EU State aid investigation opened into Nike’s tax treatment in the Netherlands

On 10 January 2019, the European Commission announced the opening of a formal State aid investigation into five tax rulings granted by the Dutch tax authorities to two Dutch entities of the Nike group between 2006 and 2015. This investigation concerns individual tax rulings and as such should not directly impact other taxpayers. Nonetheless, the investigation forms part of the Commission’s continuing efforts focusing on transfer pricing and valuation issues.

Under EU State aid rules, Member States are not allowed to grant a selective advantage that may distort competition by favouring certain undertakings. This new investigation focuses on transfer pricing: it questions the arm’s length nature of the royalty payments made by the two Dutch operating entities (OpCos) to two Dutch tax-transparent partnerships owning certain IP rights relating to products sold by the OpCos. As the royalty payments are tax deductible, the OpCos’ taxable amount is only a margin, which the Dutch tax authorities considered at arm’s length. The partnerships are not taxed in the Netherlands.

Based on its press release, accessible here, the Commission’s doubts arise from the potential non-alignment between the profit allocation and the substance of the respective entities. The partnerships “have no employees and do not carry out any economic activity” whereas the OpCos have more than 1,000 employees, perform IP-related functions, and carry out and bear the costs of marketing and sales activities. The Commission’s reasoning, not yet published, may in this respect follow a similar path as in the Amazon (see our flash of 26 February 2018) and IKEA cases (see our flash of 18 December 2017).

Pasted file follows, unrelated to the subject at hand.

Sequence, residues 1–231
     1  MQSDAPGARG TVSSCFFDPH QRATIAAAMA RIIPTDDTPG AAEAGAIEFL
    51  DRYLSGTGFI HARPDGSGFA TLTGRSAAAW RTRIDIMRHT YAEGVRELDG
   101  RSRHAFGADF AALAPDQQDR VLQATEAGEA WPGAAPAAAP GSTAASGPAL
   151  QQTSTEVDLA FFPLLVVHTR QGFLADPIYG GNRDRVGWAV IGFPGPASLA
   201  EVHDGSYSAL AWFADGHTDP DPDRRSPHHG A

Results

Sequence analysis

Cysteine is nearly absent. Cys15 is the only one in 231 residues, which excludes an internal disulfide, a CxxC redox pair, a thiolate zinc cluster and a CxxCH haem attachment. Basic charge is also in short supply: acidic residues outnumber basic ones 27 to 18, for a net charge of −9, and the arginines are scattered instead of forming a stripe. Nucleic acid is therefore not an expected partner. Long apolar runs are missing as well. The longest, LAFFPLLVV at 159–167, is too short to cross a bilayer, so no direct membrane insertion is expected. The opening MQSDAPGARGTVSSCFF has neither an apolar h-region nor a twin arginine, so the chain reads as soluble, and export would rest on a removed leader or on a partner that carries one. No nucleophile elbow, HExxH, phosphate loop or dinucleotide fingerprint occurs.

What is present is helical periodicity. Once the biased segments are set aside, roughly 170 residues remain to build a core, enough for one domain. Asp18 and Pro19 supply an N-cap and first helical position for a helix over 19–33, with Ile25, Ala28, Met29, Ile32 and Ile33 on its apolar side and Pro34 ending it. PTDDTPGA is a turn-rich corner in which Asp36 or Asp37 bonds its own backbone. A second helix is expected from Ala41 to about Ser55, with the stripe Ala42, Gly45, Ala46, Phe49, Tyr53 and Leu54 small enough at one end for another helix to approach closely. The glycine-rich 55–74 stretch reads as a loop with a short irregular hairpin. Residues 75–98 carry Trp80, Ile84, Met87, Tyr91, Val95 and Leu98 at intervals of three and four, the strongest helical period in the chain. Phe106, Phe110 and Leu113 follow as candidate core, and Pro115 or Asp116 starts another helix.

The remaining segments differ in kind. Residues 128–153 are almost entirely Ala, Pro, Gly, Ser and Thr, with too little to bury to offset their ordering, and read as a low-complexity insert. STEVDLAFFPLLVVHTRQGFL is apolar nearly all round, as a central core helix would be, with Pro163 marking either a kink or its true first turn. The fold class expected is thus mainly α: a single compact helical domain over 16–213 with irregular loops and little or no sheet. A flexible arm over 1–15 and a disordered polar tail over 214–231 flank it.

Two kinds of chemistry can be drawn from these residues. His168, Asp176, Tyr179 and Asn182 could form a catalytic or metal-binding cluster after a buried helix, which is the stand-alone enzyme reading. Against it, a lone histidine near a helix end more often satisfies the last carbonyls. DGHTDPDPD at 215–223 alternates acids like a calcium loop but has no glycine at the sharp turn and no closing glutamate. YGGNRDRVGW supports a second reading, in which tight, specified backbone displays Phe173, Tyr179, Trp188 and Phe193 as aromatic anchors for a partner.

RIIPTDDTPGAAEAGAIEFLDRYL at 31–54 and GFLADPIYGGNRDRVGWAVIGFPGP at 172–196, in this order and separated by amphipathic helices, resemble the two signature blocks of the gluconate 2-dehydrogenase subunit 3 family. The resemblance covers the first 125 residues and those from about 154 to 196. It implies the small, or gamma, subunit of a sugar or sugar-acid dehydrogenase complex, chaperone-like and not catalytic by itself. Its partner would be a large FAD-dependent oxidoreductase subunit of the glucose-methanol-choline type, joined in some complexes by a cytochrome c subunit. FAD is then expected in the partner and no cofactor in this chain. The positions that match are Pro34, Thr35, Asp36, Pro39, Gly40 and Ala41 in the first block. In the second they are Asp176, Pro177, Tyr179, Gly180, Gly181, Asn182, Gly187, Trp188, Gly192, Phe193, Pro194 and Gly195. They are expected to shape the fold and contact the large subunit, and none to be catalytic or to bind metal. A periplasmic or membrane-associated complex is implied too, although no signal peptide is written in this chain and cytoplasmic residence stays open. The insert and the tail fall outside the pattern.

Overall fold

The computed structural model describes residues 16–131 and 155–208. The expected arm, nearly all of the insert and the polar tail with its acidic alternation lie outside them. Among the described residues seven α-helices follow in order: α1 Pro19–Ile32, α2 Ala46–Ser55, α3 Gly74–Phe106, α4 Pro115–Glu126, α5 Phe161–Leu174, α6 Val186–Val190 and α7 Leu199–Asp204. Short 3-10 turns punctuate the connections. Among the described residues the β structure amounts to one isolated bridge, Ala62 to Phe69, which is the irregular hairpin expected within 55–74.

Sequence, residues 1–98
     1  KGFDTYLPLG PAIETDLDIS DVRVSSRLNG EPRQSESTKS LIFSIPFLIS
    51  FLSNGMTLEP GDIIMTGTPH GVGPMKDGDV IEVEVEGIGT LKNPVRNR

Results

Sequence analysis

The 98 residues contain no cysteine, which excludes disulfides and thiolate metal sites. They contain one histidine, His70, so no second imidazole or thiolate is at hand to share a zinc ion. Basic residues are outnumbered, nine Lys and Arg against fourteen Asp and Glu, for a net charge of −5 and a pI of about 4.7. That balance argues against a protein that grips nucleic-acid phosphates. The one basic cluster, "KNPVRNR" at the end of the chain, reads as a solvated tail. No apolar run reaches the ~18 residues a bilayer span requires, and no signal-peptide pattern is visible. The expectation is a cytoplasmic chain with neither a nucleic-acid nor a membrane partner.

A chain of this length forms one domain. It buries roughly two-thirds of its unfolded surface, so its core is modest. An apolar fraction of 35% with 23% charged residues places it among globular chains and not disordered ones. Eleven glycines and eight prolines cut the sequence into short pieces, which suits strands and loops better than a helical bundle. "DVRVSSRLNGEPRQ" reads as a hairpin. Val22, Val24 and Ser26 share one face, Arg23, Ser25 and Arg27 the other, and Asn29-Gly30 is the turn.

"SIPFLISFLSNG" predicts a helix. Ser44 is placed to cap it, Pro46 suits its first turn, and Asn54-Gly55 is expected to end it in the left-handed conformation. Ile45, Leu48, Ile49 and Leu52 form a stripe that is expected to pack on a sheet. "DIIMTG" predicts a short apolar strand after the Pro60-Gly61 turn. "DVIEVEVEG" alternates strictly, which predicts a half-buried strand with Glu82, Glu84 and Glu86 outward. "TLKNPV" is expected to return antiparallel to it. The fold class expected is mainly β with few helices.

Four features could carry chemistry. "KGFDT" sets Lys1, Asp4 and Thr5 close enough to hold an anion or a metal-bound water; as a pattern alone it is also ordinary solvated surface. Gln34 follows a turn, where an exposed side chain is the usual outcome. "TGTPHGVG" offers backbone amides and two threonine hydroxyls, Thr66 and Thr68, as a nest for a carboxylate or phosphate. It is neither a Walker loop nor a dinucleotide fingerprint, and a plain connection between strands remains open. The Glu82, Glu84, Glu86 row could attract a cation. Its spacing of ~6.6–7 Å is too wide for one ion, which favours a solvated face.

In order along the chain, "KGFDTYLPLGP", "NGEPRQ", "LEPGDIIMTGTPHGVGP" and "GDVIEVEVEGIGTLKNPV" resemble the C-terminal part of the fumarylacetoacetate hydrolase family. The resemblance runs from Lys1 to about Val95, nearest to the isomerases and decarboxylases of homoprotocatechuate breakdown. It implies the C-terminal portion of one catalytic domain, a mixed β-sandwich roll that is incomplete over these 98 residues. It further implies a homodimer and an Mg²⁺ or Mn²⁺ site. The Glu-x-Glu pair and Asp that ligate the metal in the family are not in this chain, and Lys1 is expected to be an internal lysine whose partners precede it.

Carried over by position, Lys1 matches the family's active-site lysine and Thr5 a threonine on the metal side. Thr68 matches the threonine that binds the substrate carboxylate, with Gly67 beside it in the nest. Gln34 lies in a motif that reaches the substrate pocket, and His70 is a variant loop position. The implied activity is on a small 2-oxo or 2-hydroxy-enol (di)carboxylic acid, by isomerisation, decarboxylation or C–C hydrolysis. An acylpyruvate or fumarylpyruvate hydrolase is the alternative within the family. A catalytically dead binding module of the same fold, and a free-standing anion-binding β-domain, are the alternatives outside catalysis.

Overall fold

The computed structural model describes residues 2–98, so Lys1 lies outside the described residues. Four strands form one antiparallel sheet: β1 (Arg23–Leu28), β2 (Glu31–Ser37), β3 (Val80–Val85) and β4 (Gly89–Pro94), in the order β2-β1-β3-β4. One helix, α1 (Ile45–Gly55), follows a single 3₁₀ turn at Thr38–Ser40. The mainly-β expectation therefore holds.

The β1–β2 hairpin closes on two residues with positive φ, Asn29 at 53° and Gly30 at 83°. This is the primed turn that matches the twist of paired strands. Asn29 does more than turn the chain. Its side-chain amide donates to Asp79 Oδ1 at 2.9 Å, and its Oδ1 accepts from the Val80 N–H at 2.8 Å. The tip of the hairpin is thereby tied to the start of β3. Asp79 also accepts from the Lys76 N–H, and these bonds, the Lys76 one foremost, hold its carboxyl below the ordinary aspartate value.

The opening of a formal investigation does not prejudge the final outcome of the case. The Commission will now look in depth at whether the transfer pricing method accepted by the Dutch tax authorities to determine the royalty payments are at arm’s length. The Commission’s interpretation of the arm’s length principle under EU State aid rules in other recent State aid decisions, including Apple, Starbucks, Fiat and Amazon, is at the same time subject to appeal before the Court of Justice of the EU. The Netherlands, the OpCos and interested third parties will have the opportunity to submit comments on the Commission’s decision.

More cases investigating individual tax rulings in several EU Member States are still expected to be opened. There are also pending formal investigations concerning IKEA (in the Netherlands) and the CFC financing exception scheme in the United Kingdom.

Compliments of Loyens & Loeff, a member of the EACCNY